News & Insights

U.S. Supreme Court Tightens Rules for Where Patent Lawsuits Can Be Filed

The patent venue statute, 28 U.S.C. § 1400(b), provides that “[a]ny civil action for patent infringement may be brought in the judicial district where the defendant resides, or where the defendant has committed acts of infringement and has a regular and established place of business.”

On May 22, 2017, the United States Supreme Court unanimously held in an 8-0 landmark decision that a domestic corporation “resides” only in its State of incorporation for purposes of the patent venue statute. TC Heartland LLC v. Kraft Foods Group Brands LLC, 581 U.S. ___ (2017). The Court’s decision overturned a 2016 ruling by the U.S. Court of Appeals for the Federal Circuit that held defendants in patent cases may be sued wherever they conduct business. Justice Clarence Thomas, writing for the Court, reversed the Federal Circuit’s decision and held that, “[a]s applied to domestic corporations, ‘reside[nce]’ in § 1400(b) refers only to the State of incorporation.” In reaching that conclusion, the Court relied on a 1957 United States Supreme Court decision, Fourco Glass Co. v. Transmirra Products Corp., which concluded that the patent venue statute operated independently from the general federal venue statute, and held that a corporation “resides” in its place of incorporation for patent cases. 353 U.S. 222, 226 (1957).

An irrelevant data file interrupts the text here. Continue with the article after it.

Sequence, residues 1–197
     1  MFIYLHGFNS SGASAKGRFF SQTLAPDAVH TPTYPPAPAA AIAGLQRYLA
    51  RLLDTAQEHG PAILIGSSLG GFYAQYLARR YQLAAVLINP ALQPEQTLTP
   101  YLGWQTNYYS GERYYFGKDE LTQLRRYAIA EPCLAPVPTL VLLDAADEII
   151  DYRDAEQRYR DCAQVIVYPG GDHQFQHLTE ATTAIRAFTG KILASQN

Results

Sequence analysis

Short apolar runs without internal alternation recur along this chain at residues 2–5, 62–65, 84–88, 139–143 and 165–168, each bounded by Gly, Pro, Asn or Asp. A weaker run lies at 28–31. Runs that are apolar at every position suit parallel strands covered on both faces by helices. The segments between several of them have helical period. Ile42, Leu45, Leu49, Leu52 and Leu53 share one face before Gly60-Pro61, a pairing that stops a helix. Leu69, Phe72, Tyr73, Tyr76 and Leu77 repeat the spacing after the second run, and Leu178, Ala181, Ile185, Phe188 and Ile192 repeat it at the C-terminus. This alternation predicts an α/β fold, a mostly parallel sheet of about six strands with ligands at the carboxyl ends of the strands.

It is expected that the TC Heartland decision will limit the ability of patent owners to venue shop and bring cases in more patent-friendly jurisdictions and where juries tend to be more sympathetic to plaintiffs. Moreover, many observers expect that the District of Delaware will see an increase in new patent infringement suits, given that many companies are incorporated in Delaware.

Justice Neil Gorsuch took no part in the consideration or decision of the case. For a copy of the full opinion, please click here.

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